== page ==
Director – Gil Bettman, Screenplay – Anton Fritz & Steven Paul, Story/Producer – Steven Paul, Photography – David Worth, Music – Michael Kingsley, Iren Kosler, Ralph Lane, Lennie Nichaus & Chip Taylor, Special Effects Supervisor – Roger George, Makeup – Michael Spatola, Production Design – Dale Allen Pelton. Production Company – Paul Entertainment.
John Stamos (Lance Stargrove), Vanity (Danja Deering), Gene Simmons (Velvet Von Ragnar), George Lazenby (Drew Stargrove), Peter Kwong (Cliff), John Anderson (Arliss), Robert Englund (Riley)
While at boarding school where he studies gymnastics, Lance Stargrove receives news that his father has been killed. Attending the funeral, Lance discovers that his father was not the oil company trouble-shooter he always thought he was but a secret agent. Meeting up with his father’s former colleague, the luscious Danja Deering, Lance is plunged into a series of breakneck escapades as they try to find the killers. The trail brings them up against the androgynous criminal mastermind Velvet Von Ragnar and his army of bikers. Von Ragner is trying to get back a computer disc stolen by Lance’s father that contains his plans to flood the Los Angeles water supply with radioactive waste.
Never Too Young to Die is 1980s exploitation cinema at its best. It is a completely madcap patchwork of elements. It seems to be all at once a teen boffin film with a punk ethos, a seeming head-on collision between Mad Max 2 (1981) and an urban James Bond film.
The elements thrown into the stew collide in ways that are positively hysterical – James Bond gadgetry galore, comic-book splatter, Robert Englund as a wacky scientist creating mutant goldfish, an hysterically OTT villain in drag, and bikers charging around everyday surroundings in completely fake three-foot tall mohawks, bare chests and skull-embossed motorcycles (one knows these bikers are real party animals, they have special drive-in bars where they don’t even get off their bikes to dance).
There is not a shred of reality to the film; in fact, it seems deliberately designed to flaunt any resemblance to the real world – George Lazenby, for instance, charges into gunfire with an armoured umbrella, and it seems perfectly natural for people to have caches of arms hidden behind swivel doors in their barn or up the kitchen chimney ready for every opportunity.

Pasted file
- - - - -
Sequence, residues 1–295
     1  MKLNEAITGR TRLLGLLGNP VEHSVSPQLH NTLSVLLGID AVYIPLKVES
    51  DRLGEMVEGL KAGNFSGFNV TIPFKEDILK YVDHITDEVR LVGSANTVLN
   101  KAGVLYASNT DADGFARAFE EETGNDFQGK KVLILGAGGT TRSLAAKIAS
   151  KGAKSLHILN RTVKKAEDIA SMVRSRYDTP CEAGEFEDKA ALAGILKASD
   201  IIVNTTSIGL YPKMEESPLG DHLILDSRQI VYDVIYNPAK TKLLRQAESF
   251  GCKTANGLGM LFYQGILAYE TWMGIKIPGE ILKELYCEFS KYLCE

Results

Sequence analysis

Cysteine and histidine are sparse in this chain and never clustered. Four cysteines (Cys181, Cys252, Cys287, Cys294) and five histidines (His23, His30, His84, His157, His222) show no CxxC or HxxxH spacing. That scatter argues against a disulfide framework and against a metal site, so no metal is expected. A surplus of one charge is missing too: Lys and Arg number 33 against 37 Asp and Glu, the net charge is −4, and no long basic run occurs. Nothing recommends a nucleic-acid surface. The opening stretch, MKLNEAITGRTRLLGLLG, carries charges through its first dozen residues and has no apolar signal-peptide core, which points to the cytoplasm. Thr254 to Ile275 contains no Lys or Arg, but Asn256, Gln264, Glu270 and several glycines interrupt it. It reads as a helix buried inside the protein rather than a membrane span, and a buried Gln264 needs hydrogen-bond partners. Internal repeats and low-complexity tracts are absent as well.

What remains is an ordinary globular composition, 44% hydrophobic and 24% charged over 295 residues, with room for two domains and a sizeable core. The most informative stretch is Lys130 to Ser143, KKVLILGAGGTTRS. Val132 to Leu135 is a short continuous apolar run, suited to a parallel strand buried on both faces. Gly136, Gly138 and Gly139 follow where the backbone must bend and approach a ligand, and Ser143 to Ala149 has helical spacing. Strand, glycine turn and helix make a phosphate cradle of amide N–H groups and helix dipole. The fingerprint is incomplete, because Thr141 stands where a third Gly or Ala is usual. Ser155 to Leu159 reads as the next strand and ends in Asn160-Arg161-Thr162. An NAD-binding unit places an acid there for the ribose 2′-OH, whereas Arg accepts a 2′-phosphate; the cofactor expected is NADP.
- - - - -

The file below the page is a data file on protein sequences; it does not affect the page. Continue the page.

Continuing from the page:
Never Too Young to Die is a film of excesses and the most shining excess among these is former Kiss bassist/frontman Gene Simmons who had a brief acting career around this period. Simmons spends the entire film strutting about in gold chintz lingerie and studded leather, obscenely waggling his infamous 7″ tongue, and, in one hilariously scene, getting to strut about on stage in something resembling a leftover Cher costume and an eight-foot tall iridescent pink wig. It is a performance of shrieking, eye-rolling camp posturings. The funniest scene surely comes at the film’s climax where Gene Simmons manages to turn hero John Stamos in mid-attack by convincing him he is a poor, helpless female; where Stamos’s rejoinder is to momentarily dissuade Simmons by appealing to his vanity, whereupon Stamos stabs Simmons with his/her deadly fingernail as he/she comes in for a kiss. Every moment of the film is delirious entertainment.
The film has an amazing cast line-up. The young well-muscled hero is John Stamos, who found his fame shortly after as the lead in tv’s Full House (1987-95), although has not done a huge amount since. (Indeed, John Stamos is better known as the Stamos formerly attached to the hyphen in his ex-wife Rebecca Romijn-Stamos’s name).
The lead actress is former Prince protege Vanity who had a brief cultish career in the 1980s with films such as the bizarre softcore Tanya’s Island (1980), the disco/martial arts film The Last Dragon (1985), Action Jackson (1988) and a handful of other roles, before she spurned the excesses of her Hollywood career and became a Christian evangelist. This is surely one of Vanity’s finest screen moments. She spends much of the film in a decorous state of undress and her crowning moment of glory is a surprisingly erotic five-minute scene where she undresses and seduces John Stamos (all of which incredulously takes place before the eyes of supposedly watching military).
John Stamos’s spy father was played by George Lazenby, who was once Sean Connery’s replacement as James Bond in On Her Majesty’s Secret Service (1969) and has since eked out a meagre career in various action and Hong Kong martial arts films. There is also a minor appearance from Robert Englund, who was caught just between the point of his cult fame as Freddy Krueger in the A Nightmare on Elm Street films, who turns up here as Gene Simmons’ mad scientist.
Disappointingly, director Gil Bettman has never made anything else with the exception of a minor serial killer film Night Vision (1997). One of the great disappointments is that Never Too Young to Die has only had a sporadic release on VHS but never on DVD and is no longer available. Someone should bring it back out of mothballs.